Occidental - The 71Miles Travel Guide

11:27PM December 6, 2007 37 Comments »

At a Glance: John’s Favorites

Introduction

Everyone complains about winter, but it ain’t going away. Instead of brooding, shift your perspective and get into it. The colors are glorious. The hills are turning green again, and the sky is magnificent with giant, puffy cumulous clouds. Head to the forest and hear the drip-drop of rain falling from giant redwoods onto spiky green ferns below. I can’t think of a moodier nearby place to submit to winter than Occidental.

You have to know where you’re going to find Occidental, an Old West lumber town hidden in the Sonoma County woods. Tourists whiz right past the turnoff, never knowing that there’s a picture-perfect village just up the road. Unlike most towns in Sonoma, Occidental is surrounded not by vineyards, but by redwood forests (including some old-growth stands) and Christmas-tree farms. To the west rolling, grassy hills unfurl ten miles to the Pacific coast—like a plein air painting come to life.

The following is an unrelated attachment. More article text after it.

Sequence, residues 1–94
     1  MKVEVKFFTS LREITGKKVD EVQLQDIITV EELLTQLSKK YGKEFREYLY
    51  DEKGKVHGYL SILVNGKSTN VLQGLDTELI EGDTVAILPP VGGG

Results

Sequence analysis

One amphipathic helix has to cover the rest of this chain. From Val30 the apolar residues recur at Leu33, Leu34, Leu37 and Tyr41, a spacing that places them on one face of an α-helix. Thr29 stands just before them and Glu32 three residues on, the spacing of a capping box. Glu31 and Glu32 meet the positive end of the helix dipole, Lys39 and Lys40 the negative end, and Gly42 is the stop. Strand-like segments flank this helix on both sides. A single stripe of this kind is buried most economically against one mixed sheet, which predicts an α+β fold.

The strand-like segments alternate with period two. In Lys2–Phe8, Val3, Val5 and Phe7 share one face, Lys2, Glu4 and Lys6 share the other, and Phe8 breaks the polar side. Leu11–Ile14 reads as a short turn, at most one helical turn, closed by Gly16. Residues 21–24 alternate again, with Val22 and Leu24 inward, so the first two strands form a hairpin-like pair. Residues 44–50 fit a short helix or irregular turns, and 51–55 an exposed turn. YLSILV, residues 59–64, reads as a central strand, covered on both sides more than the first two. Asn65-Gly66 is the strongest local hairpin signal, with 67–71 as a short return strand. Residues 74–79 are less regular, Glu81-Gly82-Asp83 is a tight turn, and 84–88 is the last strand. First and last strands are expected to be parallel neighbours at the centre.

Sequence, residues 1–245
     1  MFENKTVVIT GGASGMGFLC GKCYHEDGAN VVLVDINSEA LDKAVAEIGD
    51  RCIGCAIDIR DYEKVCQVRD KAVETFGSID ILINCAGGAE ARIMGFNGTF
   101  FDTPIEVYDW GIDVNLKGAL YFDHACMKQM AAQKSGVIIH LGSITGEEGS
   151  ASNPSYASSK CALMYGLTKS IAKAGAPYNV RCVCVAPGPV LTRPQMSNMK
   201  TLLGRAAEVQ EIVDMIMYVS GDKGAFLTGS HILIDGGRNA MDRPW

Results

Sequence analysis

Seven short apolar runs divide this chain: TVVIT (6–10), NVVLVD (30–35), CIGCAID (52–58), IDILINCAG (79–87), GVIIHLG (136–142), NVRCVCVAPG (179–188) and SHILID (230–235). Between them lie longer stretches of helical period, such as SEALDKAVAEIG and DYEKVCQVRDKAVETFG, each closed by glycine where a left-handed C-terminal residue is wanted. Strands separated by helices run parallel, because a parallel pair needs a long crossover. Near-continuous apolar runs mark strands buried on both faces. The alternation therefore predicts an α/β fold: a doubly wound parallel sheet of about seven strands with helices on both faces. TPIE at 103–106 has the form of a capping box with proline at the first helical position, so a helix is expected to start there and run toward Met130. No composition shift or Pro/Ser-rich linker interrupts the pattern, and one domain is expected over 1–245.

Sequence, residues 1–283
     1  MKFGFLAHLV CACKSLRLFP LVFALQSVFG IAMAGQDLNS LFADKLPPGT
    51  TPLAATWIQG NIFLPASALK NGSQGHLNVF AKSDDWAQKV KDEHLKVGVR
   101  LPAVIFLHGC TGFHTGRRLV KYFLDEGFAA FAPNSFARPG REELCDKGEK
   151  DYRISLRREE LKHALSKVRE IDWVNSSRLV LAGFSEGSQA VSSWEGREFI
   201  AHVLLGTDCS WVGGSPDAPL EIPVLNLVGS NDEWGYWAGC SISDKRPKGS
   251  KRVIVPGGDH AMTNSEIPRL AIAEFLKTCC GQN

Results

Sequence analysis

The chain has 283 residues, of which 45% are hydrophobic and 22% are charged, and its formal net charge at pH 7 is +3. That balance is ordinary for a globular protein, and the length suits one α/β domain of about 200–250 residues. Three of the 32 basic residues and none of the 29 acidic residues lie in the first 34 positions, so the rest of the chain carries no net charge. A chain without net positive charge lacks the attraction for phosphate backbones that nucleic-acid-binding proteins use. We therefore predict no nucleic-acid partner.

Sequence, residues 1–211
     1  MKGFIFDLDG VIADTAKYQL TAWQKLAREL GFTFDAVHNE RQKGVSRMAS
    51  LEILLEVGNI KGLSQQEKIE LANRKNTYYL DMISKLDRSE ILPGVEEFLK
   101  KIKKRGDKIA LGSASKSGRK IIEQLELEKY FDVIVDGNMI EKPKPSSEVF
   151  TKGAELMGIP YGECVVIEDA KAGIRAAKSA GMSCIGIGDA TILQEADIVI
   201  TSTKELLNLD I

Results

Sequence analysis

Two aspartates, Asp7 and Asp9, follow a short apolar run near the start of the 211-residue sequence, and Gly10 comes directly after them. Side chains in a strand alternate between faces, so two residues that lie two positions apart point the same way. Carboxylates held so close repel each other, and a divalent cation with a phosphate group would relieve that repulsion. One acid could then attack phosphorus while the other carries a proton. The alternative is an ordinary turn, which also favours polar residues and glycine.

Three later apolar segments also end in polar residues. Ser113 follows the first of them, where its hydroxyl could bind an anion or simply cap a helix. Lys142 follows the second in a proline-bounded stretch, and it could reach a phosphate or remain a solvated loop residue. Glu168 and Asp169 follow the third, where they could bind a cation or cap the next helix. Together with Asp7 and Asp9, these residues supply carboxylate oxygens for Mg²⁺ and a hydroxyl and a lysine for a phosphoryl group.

Occidental and its itty-bitty neighbor Freestone are classic NorCal small towns, populated by old-line ranching families and counterculturalists who bought in before the land boom of the mid-1990s sent prices through the roof. Lately you can see hints of change in some of the new shops and galleries springing up, but the old guard remains firmly ensconced, right down to the occasional acid-addled, aged hippie hanging out along the aptly named Bohemian Highway, town’s main drag. (On a recent visit a smiling, glassy-eyed old-timer with shoulder-length white hair approached me on the sidewalk and boomed, ‘Welcome to Occidental, the west pole of the planet!’ then ambled away. That’s what I call local color.)